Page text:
The Queen’s Birthday Honours List, published on Saturday, recognises theachievements of a wide range of extraordinary people across the UK.
Many household names are rewarded for their work for charity or for the success they have achieved in their field.
Among them, actress Emma Thompson becomes a dame, with broadcaster Simon Schama and former Scotland football legend Kenny Dalglish being knighted.
There are CBEs for actor Tom Hardy and former University Challenge host Bamber Gascoigne.
However, several Borderers have also been rewarded for their quiet work behind the scenes.
They include a woman heavily involved in emergency first aid help at many recent disasters, a man known as Mr Border Union Show and a woman with a long history of volunteering in Kelso charity shops.
Kim McCutcheon, OBE
Kim McCutcheon ran the First Aid Nursing Yeomanry (FANY) in London – the world’s longest established uniformed military voluntary organisation for women – for six years.
During that time, the charity provided emergency response and support all over the country.
In the last few years, that included the London bridge attacks, the Manchester bombing and the Grenfell Tower disaster.
Of receiving an Order of the British Empire, she told us: “It is fantastic. You certainly don’t set off down that route, but it is a great honour and a wonderful acknowledgment of the work that FANY does.
“They are all volunteers and they really do a fantastic job.”
Originally from Coldstream – her parents Michael and Jessie Crozier still live there – Kim and her husband Peter moved back to the Borders last summer and now live in Gattonside.
She is also heavily involved in the Riding for the Disabled Asociation and is chairwoman of its Edinburgh and Borders regional branch.
Ron Wilson, MBE
Former Border Union Agricultural Society secretary Ron Wilson has been made a Member of the British Empire.
Ron, 70, retired from that position last year, but he and wife Joan recently organised their final countryside schools day at Springwood Park, Kelso – an initiative the pair brought in six years ago to introduce all the region’s 10-year-olds to all aspects of rural life.
Known as Mr Border Union Show, Ron has earned the respect of farmers far and wide for his organisation of the annual event.
He told us: “Genuinely, I feel quite humbled by it all. It’s a great honour.
“People have congratulated me for the award, but for me, all my life, I have only been doing my job.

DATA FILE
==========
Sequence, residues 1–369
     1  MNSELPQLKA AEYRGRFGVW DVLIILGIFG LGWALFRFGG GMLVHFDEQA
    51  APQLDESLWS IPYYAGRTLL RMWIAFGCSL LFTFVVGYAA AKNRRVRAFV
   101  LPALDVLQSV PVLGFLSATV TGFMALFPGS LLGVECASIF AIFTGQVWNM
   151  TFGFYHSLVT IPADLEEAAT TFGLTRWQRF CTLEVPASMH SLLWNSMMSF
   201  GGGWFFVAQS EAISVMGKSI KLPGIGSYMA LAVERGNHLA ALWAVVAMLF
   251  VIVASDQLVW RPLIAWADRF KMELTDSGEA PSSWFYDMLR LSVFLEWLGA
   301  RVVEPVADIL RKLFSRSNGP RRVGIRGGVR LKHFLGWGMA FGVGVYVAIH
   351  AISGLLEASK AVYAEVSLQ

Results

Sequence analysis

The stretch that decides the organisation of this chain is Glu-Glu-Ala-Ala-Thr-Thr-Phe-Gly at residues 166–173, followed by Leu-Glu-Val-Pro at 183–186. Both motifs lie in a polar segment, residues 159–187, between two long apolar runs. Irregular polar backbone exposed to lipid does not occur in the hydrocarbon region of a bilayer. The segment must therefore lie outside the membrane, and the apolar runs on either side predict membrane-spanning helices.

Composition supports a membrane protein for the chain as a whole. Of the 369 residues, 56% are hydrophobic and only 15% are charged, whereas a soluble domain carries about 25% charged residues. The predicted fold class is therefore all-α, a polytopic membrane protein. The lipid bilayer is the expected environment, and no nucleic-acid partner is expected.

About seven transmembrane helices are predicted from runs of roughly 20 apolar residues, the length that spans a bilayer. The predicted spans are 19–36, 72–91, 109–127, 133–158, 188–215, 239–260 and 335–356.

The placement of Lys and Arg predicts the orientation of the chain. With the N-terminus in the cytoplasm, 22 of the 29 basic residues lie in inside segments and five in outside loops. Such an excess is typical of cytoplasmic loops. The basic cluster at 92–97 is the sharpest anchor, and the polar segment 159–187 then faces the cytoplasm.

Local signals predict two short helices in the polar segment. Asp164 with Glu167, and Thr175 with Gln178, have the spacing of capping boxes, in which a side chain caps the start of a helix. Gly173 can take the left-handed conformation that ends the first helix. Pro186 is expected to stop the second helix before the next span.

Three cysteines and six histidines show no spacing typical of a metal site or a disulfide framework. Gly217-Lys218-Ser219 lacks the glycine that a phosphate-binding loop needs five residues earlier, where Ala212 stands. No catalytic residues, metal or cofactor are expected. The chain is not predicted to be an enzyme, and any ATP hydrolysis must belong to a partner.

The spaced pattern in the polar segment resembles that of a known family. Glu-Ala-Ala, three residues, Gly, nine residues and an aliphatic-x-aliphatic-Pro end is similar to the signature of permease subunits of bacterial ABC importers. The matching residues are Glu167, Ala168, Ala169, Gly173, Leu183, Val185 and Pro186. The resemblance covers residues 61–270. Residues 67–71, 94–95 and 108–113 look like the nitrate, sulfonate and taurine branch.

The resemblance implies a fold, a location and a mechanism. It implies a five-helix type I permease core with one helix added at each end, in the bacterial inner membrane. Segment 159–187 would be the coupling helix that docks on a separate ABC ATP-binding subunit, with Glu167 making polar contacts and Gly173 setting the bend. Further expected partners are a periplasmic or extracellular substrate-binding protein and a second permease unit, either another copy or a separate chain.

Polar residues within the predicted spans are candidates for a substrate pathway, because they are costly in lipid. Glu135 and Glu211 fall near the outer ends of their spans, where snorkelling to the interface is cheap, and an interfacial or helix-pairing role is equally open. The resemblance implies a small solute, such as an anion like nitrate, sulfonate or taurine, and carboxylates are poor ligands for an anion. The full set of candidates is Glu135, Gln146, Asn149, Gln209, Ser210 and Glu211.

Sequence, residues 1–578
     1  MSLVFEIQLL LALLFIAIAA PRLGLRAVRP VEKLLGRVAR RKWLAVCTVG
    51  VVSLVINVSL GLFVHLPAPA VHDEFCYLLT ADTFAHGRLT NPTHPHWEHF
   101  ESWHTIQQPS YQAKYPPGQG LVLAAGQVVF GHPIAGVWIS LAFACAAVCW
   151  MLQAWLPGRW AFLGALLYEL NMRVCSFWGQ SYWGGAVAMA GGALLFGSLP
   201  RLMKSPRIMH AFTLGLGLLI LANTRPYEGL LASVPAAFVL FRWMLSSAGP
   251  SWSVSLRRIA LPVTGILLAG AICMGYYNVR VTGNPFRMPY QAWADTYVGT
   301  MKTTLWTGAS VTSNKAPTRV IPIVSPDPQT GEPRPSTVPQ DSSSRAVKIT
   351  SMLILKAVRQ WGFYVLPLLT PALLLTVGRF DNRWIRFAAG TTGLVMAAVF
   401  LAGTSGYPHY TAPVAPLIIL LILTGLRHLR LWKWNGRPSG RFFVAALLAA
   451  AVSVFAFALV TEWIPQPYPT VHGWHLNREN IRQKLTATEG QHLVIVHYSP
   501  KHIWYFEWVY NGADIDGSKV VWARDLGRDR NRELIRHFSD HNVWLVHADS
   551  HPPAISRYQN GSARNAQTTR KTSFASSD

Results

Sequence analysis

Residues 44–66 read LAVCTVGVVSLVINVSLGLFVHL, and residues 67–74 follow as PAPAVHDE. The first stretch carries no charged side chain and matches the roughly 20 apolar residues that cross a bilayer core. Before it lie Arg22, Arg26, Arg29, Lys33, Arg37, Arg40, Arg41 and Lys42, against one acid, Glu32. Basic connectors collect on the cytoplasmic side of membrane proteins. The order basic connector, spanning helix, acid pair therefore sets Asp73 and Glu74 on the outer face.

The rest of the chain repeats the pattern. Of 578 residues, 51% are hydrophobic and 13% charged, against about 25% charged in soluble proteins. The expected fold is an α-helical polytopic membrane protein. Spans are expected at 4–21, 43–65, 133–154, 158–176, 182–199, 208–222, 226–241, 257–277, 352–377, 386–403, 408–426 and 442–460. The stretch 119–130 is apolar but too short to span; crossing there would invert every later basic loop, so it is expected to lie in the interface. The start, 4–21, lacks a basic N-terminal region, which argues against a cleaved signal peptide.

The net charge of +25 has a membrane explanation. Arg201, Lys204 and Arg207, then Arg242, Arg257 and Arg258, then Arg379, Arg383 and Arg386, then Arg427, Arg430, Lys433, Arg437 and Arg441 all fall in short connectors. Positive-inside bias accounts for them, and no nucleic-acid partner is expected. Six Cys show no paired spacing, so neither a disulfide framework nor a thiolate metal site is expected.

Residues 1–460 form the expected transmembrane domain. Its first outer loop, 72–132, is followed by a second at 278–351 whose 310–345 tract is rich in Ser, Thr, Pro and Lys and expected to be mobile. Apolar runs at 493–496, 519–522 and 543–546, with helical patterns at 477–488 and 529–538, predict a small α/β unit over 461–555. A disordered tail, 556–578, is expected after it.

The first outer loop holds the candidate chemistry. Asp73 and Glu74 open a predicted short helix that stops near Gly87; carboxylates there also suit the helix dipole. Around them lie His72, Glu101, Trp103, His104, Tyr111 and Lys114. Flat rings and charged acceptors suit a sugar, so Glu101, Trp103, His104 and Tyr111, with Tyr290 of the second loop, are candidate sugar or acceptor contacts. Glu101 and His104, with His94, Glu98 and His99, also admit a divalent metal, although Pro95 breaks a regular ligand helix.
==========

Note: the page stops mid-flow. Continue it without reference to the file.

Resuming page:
“I just have had the belief that if I take anything on, I try to do it properly, but it is lovely to get recognition from the local community.”
Eilean Hogarth, BEM
At the age of 80, Eilean still works at the Charity for Care shop in Kelso she founded in 2015 after volunteering for 13 years at the Charity Begins at Home shop across the road.
In the three years of the shop’s existence, it has raised more than £200,000 for the Margaret Kerr Unit at the Borders General Hospital in Melrose.
The British Empire Medal recipient told the Southern: “I’m absolutely elated. It’s just come from nowhere. I didn’t expect anything like this at all, although I believe I was nominated by some of the people I work beside.
“I have always admired the work that the Margaret Kerr Unit does.
“The shop is doing very well, and we get a lot of donations from all over the Borders.”
The award is a poignant one for Eilean as her husband Jimmy, who died six years ago, was also awarded the BEM in 1990 for his work with the Royal Observatory and after the 1988Lockerbie tragedy.
David Rout, QFSM
Melrose butcher’s son David Rout spent his formative years nipping into the fire station in his home town for a cup of tea, so it was no surprise when that was the direction his career took.
After three years working part-time in Melrose – during which time he also helped out in the family butcher’s shop, played rugby at the Greenyards club and represented the town as Melrosian – he moved to Aberdeenshire, where rhe eached the rank of local senior officer with direct responsibility for 36 fire and rescue stations and 500 staff.
When he retired in February, he had given 33 years of service to the fire brigade, and now he has been awarded the Queen’s Fire Service Medal.
Speaking from his home in Ellon this week, where he lives with his wife Karlyne and 18-year-old son Cameron, he told us: “I’m just chuffed to bits to receive this medal. I was certainly not expecting it;
“I have really enjoyed my career in the service, but none of it would have happened without my early days as a part-timer in Melrose.
“It’s what got my foot on the ladder, so to speak.”
Two other BEM recipients are from Berwickshire.
Andrew Ainslie, pipe major of Duns Pipe Band, receives his for services to music and the community, while Doreen Calder, also of Duns, is on the list for services to equestrianism and the community.
Also in Berwickshire, Coldingham’s Sylvia Fleming, director of Extrordinair, is awarded the MBE for services to the freight-forwarding industry and to the welfare of animals in transit.